DALLAS (AP) _ A severe thunderstorm system that destroyed homes and knocked down power lines and trees may have also produced several tornados across West and North Texas.
The worst damage appeared to be near the Fort Worth suburb of Crowley, where high winds destroyed four homes and damaged nine others, said Melissa Patterson, Tarrant County emergency management officer.
Aerial video of the area 12 miles south of Fort Worth showed the roofs of homes stripped of shingles and decking and cars buried beneath the debris of what had once been garages.
"All in all, just your regular Texas spring thunderstorm with possible tornadoes and golfball-size hail," said Tarrant County spokesman Mark Flake.
Mike Keith owns a home in that area, just west of Crowley. "It was just a tremendous roar and tremendous winds," he told Dallas-Fort Worth television station KTVT, adding that his yard was littered with debris.
Officials with the National Weather Service said that crews would be dispatched across the area on Thursday to confirm several reports of possible tornadoes on Wednesday.
Other than some scrapes and scratches, no injuries were reported from the storms that brought heavy rain, winds up to 70 mph and baseball-size hail in some counties.
On Wednesday afternoon, roofs were damaged by winds in a Snyder park in Scurry County. A short time later as many as two twisters reportedly touched down away from populated areas near Patricia in Dawson County, southwest of Lubbock.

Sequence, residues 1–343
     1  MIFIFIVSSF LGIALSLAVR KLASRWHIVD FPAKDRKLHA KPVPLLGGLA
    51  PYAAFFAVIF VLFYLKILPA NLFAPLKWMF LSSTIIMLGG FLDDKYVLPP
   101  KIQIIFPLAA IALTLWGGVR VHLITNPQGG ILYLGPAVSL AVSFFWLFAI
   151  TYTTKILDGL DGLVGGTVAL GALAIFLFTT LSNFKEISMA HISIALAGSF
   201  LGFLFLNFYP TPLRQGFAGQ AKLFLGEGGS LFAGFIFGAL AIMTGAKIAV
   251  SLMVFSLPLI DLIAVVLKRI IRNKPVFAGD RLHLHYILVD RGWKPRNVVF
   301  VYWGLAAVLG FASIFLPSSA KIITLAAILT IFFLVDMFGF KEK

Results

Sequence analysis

"We feel fairly confident on the Patricia one because there was a … spotter out of Lubbock that was on that storm," said David Hennig, a NWS meteorologist in Midland.
Jones County Judge Dale Spurgin said a storm that moved through the northern portion of the county damaged roofs in Anson and knocked down power lines. One highway was closed by the downed poles. Spurgin said there was also some minor flooding on some farm-to-market roads.
Hail _ some golf-ball size _ was reported nearby, the weather service said.
As the storm moved east, at least one tornado was reported in Erath County near Morgan Mill, and the same one appears to have touched down nearby in Palo Pinto County, said Nick Hampshire, a meteorologist with the NWS in Fort Worth. Several power lines and trees were knocked down and outbuildings were destroyed along the Erath-Palo Pinto line, and some roofs near Lipan in Hood County were reportedly damaged as well.
Hood County emergency management official Roger Deeds said some homes and a fire station were damaged as the storm moved through the region southwest of Fort Worth.
The thunderstorm also brought winds up to 70 mph and quarter-size to baseball-size hail to Stephens, Eastland, Erath, Palo Pinto, Hood and Parker counties, according to NWS reports. Flash flooding also was reported in Palo Pinto County.
In Stephenville, several cars were stuck in high water, but there were no injuries, said police patrolman Marty Golightly. He said there were reports of water as high as 3 feet.